History of the Restoration Movement

Ira Young Rice, Jr.

1917 - 2001

News Brief On The Death Of Ira Y. Rice, Jr.

Well-known minister and editor, Ira Young Rice Jr., died Oct. 10 near Goodrich, Texas, at 84.

Rice had concluded a gospel meeting in Shepherd the evening before and was on his way home to Memphis, Tenn., when his van collided with an 18-wheel semi-trailer. He did not survive.

Rice served more than 65 years as a minister, editor and missionary.

He began preaching at age 15. Later he served churches in Oklahoma, Texas, California and Washington.

Rice was active in international missions and worked in Malaysia, Hong Kong, the People’s Republic of China and Russia. He established the church of Christ in Singapore in 1954 and worked there until the mid-1960s. He also served as president of Four Seas College, Singapore from 1966-68.

As recently as August he traveled to Siberia to evangelize.

After graduating with a degree in journalism from Oklahoma University, Rice maintained a lifelong interest in writing.

He was the founding editor for the monthly newspaper, “Contending for the Faith” from 1969 to 2000. He also published the “Far East Newsletter,” which contained reports on his travels. The Bellview Church of Christ, Pensacola, Fla., oversaw his international travels.

Rice wrote and published several books including “Soul Winning — Personalized and Systematized”; “God’s Truth on Elders”; and “We Can Evangelize the World.” His best known books are “Axe on the Root” in three volumes. His “Basic Bible Course” has been widely circulated and translated into several languages, said David Brown, current editor of “Contending for the Faith.”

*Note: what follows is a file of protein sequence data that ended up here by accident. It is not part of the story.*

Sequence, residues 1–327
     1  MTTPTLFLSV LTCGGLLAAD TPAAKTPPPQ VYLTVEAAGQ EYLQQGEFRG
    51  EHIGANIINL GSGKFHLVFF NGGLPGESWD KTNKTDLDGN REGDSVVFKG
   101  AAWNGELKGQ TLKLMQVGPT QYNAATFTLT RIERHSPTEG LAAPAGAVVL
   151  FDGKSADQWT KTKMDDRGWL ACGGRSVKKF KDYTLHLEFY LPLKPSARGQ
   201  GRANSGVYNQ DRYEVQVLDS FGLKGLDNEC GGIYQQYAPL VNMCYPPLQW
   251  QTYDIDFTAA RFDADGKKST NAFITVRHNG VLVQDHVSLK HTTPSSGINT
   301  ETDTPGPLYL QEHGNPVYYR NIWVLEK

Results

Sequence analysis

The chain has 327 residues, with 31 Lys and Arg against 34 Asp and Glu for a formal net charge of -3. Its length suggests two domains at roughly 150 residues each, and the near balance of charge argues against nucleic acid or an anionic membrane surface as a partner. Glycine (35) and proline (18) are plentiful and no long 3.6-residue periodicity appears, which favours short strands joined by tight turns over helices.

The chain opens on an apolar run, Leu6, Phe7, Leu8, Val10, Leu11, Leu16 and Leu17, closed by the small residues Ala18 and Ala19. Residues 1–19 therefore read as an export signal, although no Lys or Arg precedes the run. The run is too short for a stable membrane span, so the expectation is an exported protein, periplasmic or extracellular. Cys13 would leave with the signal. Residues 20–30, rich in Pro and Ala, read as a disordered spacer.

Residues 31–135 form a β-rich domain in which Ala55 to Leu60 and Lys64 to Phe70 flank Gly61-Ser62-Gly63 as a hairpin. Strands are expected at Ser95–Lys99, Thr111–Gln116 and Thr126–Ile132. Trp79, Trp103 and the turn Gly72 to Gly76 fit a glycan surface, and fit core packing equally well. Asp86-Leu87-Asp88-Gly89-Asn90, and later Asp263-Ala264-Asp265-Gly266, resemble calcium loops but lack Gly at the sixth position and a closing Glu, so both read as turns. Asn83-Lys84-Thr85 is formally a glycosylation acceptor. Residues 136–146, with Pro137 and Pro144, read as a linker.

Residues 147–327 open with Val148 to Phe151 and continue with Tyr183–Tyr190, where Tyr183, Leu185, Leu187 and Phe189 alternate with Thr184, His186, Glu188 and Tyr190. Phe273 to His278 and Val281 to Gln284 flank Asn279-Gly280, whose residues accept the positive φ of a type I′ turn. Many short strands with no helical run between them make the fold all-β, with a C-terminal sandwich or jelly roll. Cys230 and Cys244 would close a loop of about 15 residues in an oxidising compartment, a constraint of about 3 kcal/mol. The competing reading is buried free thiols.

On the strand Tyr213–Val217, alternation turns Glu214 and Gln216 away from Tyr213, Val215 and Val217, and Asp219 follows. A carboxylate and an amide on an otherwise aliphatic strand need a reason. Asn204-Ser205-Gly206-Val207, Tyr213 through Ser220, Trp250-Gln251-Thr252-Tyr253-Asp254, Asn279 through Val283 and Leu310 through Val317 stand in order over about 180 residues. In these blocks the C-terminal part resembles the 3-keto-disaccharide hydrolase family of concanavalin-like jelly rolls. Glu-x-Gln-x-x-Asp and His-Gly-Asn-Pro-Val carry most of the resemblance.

“Men either hated or loved and admired Ira. There will never be another like him in his fierce passion for getting the gospel all over the world and in his equal zeal for the purity of doctrine and practice. As for me, I loved and admired him,” said H.W. “Dub” McClish, editor of the Denton, Texas-based “Gospel Journal.”

He is survived by his wife of 54 years, Vada, and five adult children: Ramona Schroeder, Ballwin, Mo.; Lynette Beasley, Cleveland, Tenn.; Renee Harless, Harrison, Tenn.; Rochelle Whitaker, Nashville; and Ira Y. Rice III, Olympia, Wash. He also is survived by nine grandchildren and three great-grandchildren.

Memorial services were Oct. 16 at the Forest Hills Church of Christ, Memphis.

--Edited report from Christian Chronicle, Oct. 22, 2001

Ira Y. Rice, Jr. - Gospel Advocate Obituary

Ira Y. Rice Jr., preacher, writer and editor, died Oct. 10. He was 84.

Rice was born in Franklin, Texas, in 1917, and served as a missionary to both Singapore and Malaysia for nearly 10 years.

He is survived by his wife of 54 years, Vada; four daughters, Ramona Schroeder, Lynette Beasley, Renee Harless and Rochelle Whitaker; one son, Ira Y. Rice III; nine grandchildren; three great-grandchildren; and one sister, Juanita Nichols.

Memphis, Tenn.

-Gospel Advocate, November, 2001, page 45.

I Knew Ira Y. Rice, Jr.